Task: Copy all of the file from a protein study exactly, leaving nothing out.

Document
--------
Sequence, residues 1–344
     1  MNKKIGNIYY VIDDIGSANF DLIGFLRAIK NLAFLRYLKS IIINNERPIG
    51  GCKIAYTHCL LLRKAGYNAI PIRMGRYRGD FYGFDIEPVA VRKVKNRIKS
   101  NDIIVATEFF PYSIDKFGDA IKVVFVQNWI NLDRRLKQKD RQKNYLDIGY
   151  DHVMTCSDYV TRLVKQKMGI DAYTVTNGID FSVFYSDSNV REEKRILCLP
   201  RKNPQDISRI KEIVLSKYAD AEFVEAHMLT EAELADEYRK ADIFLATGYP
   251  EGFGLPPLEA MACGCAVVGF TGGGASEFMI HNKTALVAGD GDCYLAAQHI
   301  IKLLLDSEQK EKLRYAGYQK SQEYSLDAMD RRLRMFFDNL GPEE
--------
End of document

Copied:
Sequence, residues 1–344
     1  MNKKIGNIYY VIDDIGSANF DLIGFLRAIK NLAFLRYLKS IIINNERPIG
    51  GCKIAYTHCL LLRKAGYNAI PIRMGRYRGD FYGFDIEPVA VRKVKNRIKS
   101  NDIIVATEFF PYSIDKFGDA IKVVFVQNWI NLDRRLKQKD RQKNYLDIGY
   151  DHVMTCSDYV TRLVKQKMGI DAYTVTNGID FSVFYSDSNV REEKRILCLP
   201  RKNPQDISRI KEIVLSKYAD AEFVEAHMLT EAELADEYRK ADIFLATGYP
   251  EGFGLPPLEA MACGCAVVGF TGGGASEFMI HNKTALVAGD GDCYLAAQHI
   301  IKLLLDSEQK EKLRYAGYQK SQEYSLDAMD RRLRMFFDNL GPEE